Apologies for lack of blog posts over the Christmas period; climate change is mainly to blame, but a surfeit of sherry and mince pies may also have had something to do with it.
As you may be aware the Energy bill (Lords) was published prior to the Christmas recess and had its second reading on 12th December (in the Lords, of course). There were no great surprises in Chris Huhne’s Christmas sack, except perhaps how short the Bill is, including the title. After all the various titles trailed, (‘Energy Security and Green Economy Bill’ etc. etc.) it is now ‘The Energy Bill’. Clearly someone worked through the night to come up with that one.
It is mostly about the Green Deal; or rather it is about how to enable the Green Deal, which is subtly different. The bill as a whole contains 105 clauses, almost half of which are in the form of powers for the minister to make orders implementing whatever is the stated subject of the clause. This is really pretty unsatisfactory as a piece of legislation in general, and as an Energy bill in particular. It means that most of the substance of the Bill will turn up this year sometime, never, or when the minister gets round to it. In fact the Bill as a whole comes into force when the Secretary of State decides by statutory instrument.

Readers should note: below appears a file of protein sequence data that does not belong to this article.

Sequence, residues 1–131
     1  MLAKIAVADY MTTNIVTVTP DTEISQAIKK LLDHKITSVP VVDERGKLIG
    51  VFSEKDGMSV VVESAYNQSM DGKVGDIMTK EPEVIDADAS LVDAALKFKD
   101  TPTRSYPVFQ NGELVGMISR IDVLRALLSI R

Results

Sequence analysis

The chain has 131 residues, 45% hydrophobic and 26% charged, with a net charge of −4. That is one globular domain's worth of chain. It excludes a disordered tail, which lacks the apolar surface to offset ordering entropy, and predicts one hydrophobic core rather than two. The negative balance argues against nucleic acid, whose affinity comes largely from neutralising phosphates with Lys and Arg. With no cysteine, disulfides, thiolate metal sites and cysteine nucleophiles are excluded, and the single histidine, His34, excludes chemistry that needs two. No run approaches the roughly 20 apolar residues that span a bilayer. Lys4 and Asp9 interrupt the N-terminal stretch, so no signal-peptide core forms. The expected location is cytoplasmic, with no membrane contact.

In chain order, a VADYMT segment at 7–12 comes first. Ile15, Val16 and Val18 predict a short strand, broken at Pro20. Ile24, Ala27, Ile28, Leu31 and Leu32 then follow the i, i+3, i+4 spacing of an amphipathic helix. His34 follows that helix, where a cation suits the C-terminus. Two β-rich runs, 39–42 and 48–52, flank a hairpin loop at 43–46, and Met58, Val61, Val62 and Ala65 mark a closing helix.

Bills that have this number of pasted-in enablers either do so because the Department is still writing the substance of the legislation, and may clarify by Government amendment as the Bill progresses, or they deliberately want to keep the substance fluid, so that parts may be implemented or not, as the mood takes them. This latter intent, if that is what it is, is not good news for clarity about the future of – in this case- a Green Deal that needs to have clarity and certainty about it an early stage if it is to work well. Perhaps we will see some clarifying amendments: I would hope some committee members in the Lords, and subsequently in the Commons will try to get stiffer substance onto the face of the Bill as it progresses.
The Bill is also short because most of the other clauses are bits and pieces – some elements of energy security legislation such as a possible public service obligation on gas supply having apparently evaporated. One very clear piece of miscellany (even headed ‘miscellaneous’) however, is the straightforward repeal of the 1995 Home Energy Efficiency Act. The explanatory notes say that, on the last government’s consultation on HECA, most agreed to repeal. Not quite so. Many people accepted repeal based on new performance targets and indicators for Local Authorities on energy efficiency and fuel poverty. No sign of any replacements here, or even a power for the minister to introduce such measures: just repeal.
I will be following the progress of the Bill carefully and hope to see the addition of a significant number of clarifying amendments, but for the moment it seems that the green energy lobby didn’t quite get all they wanted for Christmas.